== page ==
After vigorous applause, the attention shifted to piano soloist Anna Fedorova, who glided onstage in a gossamer turquoise gown with a glittering multi-colored top. Flinging back her lengthy brown hair, she plunged down to the keyboard--and was instantly drowned out by the orchestra. Despite the balance problems, which were finally solved in the third movement, Fedorova displayed impressive command of her instrument, wriggling through Prokofiev’s demanding score with nary a scratch. The memorable opening theme, taken at a sprint, was both fiery and compelling.

Fedora is not a particularly demonstrative performer. She spent most of her time staring intently at the keyboard, her head often obscured by her hair. This introverted style worked well in the tricky passages, but it proved a barrier in the slower parts, particularly the second movement. Notes that should have rung out felt muted, and excessive pedaling muddied the sound. Fortunately, both imbalance and introversion fell away in the Allegro con fuoco final movement. Christie toned down the orchestral volume and Fedorova emerged from her shell. She took it easy on the pedal and became much more expressive, with spellbinding trills and varied attacks. Changing abruptly to play the melancholic parlor tune at the heart of the movement, Fedorova kept driving forward to the furious ending, prompting a standing ovation.

Christie offered an alternative to the usual intermission by interviewing Fedorova onstage after the performance. They engaged in the usual musical pleasantries, but a question from the audience prompted the revelation that they had met for the first time on Thursday and had only practiced the concerto for a few hours, sandwiched around a recital by Fedorova on Friday night. Perhaps they could have fixed the balance problems if they had more time.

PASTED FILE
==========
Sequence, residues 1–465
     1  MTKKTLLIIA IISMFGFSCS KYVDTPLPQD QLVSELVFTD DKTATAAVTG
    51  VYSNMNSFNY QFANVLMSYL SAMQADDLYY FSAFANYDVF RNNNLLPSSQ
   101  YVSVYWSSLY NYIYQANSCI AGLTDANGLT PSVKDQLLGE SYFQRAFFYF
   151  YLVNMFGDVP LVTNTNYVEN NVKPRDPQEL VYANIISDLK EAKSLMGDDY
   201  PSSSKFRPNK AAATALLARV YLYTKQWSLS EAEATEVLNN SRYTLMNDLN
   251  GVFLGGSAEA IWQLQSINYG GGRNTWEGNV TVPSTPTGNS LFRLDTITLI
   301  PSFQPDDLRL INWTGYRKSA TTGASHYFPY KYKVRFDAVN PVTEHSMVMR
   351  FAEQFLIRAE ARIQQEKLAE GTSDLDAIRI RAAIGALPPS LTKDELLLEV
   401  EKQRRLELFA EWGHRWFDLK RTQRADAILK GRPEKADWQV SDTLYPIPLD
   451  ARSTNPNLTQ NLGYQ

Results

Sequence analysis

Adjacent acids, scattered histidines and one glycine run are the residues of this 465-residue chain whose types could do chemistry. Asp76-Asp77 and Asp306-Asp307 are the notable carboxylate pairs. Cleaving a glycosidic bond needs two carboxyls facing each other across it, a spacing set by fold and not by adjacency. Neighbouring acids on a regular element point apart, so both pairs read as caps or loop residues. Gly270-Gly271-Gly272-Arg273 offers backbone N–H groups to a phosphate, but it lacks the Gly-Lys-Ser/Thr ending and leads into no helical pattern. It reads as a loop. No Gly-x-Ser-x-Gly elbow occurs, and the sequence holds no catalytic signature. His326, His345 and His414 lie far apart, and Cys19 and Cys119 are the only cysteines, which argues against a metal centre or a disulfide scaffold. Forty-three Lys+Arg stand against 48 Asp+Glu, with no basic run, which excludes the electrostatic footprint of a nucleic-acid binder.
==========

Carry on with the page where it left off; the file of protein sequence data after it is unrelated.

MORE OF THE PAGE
The New World symphony is performed so often that previous performances are still ringing in your ears each time you hear it anew. This remembrance can be a danger for conductors seeking to put their own stamp on Dvorak’s venerable masterpiece, but Christie seemed undaunted by the risk.

Christie’s fluidity on the podium dominated the performance. His motions were precise and elegant, and the sound he elicited was solid and unified, most notably among the strings. Their bows moved uniformly as they ranged from silken tones to crisp arpeggios.

The unanimity of sound was nowhere more evident than in the unhurried second movement, which opened with a gorgeous English horn solo from Jesse Barrett. The subsequent playing was hushed and ethereal as the glorious melody flowed throughout the orchestra. The pace from Christie was slow, but the ensemble held steady all the way through a tremendous swell near the end.

Oddly, the English horn sat silent for the rest of the symphony, the only static element in a bursting onrush of sound. The third movement was sprightly, and the rapid fourth was driven by strong and heraldic brass. Christie was fun to watch as he summoned crescendo after crescendo in a whirlwind of orchestral interplay. The ovation at the end was heartfelt and sustained.

Christie is definitely a contender for the Santa Rosa podium, but then so are the four other candidates. The Symphony will announce its decision in March.

[Reprinted with permision from San Francisco Classical Voice]